Senate leaders on Wednesday announced a deal to end the partial government shutdown and avoid a possible U.S. default as soon as the end of this week, and a key GOP conservative said he wouldn’t try to block the measure.
The news of a deal brought some relief to Wall Street as well as Washington, where the shutdown reached a 16th day with the government poised to lose its ability to borrow more money to pay bills on Thursday.
Senate Majority Leader Harry Reid hailed the agreement he worked out with his GOP counterpart Mitch McConnell as “historic,” saying that “in the end, political adversaries put aside their differences.”
Now the question becomes whether the agreement can win approval in the Senate and then the House to reach President Barack Obama’s desk, perhaps by the end of Wednesday to ensure there is enough cash on hand for all U.S. debt obligations and bills.
Obama praised Senate leaders for reaching a compromise, and urged Congress to act quickly, White House spokesman Jay Carney said.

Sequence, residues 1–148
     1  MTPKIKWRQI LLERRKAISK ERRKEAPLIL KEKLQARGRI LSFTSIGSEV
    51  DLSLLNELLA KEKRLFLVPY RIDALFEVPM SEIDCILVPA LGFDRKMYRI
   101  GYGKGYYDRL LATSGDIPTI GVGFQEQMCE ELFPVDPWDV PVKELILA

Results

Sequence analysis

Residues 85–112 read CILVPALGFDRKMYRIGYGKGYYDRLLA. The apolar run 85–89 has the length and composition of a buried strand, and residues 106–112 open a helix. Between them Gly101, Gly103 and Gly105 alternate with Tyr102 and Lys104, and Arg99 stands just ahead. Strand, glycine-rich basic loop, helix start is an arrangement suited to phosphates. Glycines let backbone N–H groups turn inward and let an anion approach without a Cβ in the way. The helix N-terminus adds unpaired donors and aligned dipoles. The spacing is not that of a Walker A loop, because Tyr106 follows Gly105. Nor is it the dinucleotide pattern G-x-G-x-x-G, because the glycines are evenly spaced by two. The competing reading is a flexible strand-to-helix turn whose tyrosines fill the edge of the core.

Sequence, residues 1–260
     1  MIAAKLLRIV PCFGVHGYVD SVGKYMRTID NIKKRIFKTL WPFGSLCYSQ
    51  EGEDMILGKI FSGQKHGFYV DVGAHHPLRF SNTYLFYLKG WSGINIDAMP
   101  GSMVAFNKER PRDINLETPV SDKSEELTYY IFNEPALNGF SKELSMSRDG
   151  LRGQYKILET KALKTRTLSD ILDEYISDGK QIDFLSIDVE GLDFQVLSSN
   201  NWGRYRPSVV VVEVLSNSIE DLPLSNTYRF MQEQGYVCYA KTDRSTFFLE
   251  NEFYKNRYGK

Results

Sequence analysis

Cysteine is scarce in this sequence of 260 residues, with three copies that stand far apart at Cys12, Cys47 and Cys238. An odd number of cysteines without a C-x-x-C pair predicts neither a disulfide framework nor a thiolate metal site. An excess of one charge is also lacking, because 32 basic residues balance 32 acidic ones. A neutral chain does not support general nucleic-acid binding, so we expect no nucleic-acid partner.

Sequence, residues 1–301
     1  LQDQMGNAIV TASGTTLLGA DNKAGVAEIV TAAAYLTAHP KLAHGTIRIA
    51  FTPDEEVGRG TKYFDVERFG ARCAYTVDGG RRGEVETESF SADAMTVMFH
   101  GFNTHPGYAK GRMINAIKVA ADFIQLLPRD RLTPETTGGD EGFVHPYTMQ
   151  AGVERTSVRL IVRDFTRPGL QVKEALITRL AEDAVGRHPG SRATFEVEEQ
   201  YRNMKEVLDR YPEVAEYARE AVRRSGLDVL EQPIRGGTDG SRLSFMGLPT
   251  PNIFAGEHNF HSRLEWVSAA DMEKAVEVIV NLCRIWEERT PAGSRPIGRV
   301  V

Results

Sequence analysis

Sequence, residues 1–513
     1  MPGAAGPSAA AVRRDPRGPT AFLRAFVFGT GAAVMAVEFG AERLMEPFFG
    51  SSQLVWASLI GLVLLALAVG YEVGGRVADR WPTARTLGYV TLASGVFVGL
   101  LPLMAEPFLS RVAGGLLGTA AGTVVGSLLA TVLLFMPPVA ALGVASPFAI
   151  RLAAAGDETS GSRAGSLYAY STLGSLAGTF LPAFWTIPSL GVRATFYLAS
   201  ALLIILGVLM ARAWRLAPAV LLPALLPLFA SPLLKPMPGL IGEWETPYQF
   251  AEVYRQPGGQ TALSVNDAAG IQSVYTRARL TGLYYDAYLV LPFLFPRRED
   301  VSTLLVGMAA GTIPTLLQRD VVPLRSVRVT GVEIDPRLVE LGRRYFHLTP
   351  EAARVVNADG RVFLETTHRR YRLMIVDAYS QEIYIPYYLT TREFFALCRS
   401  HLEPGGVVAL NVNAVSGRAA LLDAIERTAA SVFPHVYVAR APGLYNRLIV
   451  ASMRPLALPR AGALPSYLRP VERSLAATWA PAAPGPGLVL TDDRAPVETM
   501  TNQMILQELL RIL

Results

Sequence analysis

“As soon as possible is essentially the recommendation we have from here,” he said.
Warnings of default Looming:
Despite warnings by Obama and economists that a U.S. default would spike interest rates and could have catastrophic impacts at home and abroad, King said he’s not too concerned if the government passes Thursday’s deadline to raise the borrowing limit.
“It’s just a date they picked on the calendar,” he said, adding that the government will still be able to pay the interest on its debt. “I’m more concerned about market reaction than I am of default itself.”
Thursday marks the day the Treasury Department will run out of special accounting maneuvers to keep the nation under the legal borrowing limit. From that point on, it will have to pay the country’s incoming bills and other legal obligations with an estimated $30 billion in cash, plus whatever daily revenue comes in.
The White House had said that the U.S. would lose its borrowing authority on Thursday, leaving it only with cash on hand to pay bills and therefore at risk of default. Carney clarified Wednesday that the borrowing authority would continue through Thursday.
The expectation is that the Treasury will be able to pay bills in full for a short time after Thursday, but exactly how long remains unclear. According to the best outside estimates, the first day the government will run short of cash could come between October 22 and November 1.
Officials warn that an unknown is whether creditors such as foreign countries that traditionally roll over their U.S. bond holdings could decide to instead cash out, creating a potentially major payout that the government would lack funds to fulfill.